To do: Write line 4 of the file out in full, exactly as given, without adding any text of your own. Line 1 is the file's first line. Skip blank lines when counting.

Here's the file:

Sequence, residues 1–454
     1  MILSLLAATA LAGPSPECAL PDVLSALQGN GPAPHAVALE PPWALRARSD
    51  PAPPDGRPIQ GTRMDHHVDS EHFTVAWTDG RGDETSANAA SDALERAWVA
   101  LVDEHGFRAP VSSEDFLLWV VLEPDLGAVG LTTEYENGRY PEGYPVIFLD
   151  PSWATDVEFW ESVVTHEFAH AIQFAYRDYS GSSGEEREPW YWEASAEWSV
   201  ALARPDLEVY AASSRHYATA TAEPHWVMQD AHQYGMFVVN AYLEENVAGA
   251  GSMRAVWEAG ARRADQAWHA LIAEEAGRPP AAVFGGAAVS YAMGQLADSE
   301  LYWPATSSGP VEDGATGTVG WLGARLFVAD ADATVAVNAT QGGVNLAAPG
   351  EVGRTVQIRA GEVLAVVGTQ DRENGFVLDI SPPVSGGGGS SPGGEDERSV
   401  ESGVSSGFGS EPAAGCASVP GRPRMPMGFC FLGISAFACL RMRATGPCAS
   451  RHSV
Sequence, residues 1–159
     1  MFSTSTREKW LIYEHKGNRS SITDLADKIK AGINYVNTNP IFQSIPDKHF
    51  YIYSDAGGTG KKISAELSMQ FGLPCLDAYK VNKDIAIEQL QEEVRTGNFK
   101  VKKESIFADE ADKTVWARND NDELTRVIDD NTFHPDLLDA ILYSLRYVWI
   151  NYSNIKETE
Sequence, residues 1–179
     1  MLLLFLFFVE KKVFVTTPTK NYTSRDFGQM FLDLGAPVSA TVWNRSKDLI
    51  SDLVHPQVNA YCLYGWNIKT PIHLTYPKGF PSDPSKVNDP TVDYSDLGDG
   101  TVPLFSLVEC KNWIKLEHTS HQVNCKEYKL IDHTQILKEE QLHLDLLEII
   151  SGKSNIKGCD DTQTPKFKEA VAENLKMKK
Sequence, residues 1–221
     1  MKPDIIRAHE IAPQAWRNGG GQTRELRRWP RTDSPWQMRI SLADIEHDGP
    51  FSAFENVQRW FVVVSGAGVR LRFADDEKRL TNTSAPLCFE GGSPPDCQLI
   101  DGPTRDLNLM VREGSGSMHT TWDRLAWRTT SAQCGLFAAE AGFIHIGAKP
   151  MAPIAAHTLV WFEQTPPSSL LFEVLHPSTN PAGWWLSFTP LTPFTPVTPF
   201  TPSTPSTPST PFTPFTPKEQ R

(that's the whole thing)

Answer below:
   101  LVDEHGFRAP VSSEDFLLWV VLEPDLGAVG LTTEYENGRY PEGYPVIFLD